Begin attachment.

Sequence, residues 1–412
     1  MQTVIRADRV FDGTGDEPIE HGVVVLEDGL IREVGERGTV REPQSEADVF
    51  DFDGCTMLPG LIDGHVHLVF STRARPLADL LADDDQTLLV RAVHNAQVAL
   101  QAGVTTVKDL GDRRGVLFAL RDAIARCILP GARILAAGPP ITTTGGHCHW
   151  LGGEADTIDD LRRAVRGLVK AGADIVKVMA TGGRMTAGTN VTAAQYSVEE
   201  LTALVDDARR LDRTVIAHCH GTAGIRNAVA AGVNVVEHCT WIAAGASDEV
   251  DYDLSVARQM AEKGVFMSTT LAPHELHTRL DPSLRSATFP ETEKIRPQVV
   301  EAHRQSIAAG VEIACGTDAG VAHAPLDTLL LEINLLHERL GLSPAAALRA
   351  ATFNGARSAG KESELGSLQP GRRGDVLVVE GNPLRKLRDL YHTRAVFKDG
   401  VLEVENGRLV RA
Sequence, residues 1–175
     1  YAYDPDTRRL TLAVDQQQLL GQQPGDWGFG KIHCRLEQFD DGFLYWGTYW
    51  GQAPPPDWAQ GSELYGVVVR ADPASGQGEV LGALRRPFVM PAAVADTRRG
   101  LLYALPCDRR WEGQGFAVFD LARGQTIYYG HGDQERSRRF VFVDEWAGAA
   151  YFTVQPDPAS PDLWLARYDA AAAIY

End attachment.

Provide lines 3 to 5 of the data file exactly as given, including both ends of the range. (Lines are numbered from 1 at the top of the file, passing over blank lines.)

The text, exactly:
    51  DFDGCTMLPG LIDGHVHLVF STRARPLADL LADDDQTLLV RAVHNAQVAL
   101  QAGVTTVKDL GDRRGVLFAL RDAIARCILP GARILAAGPP ITTTGGHCHW
   151  LGGEADTIDD LRRAVRGLVK AGADIVKVMA TGGRMTAGTN VTAAQYSVEE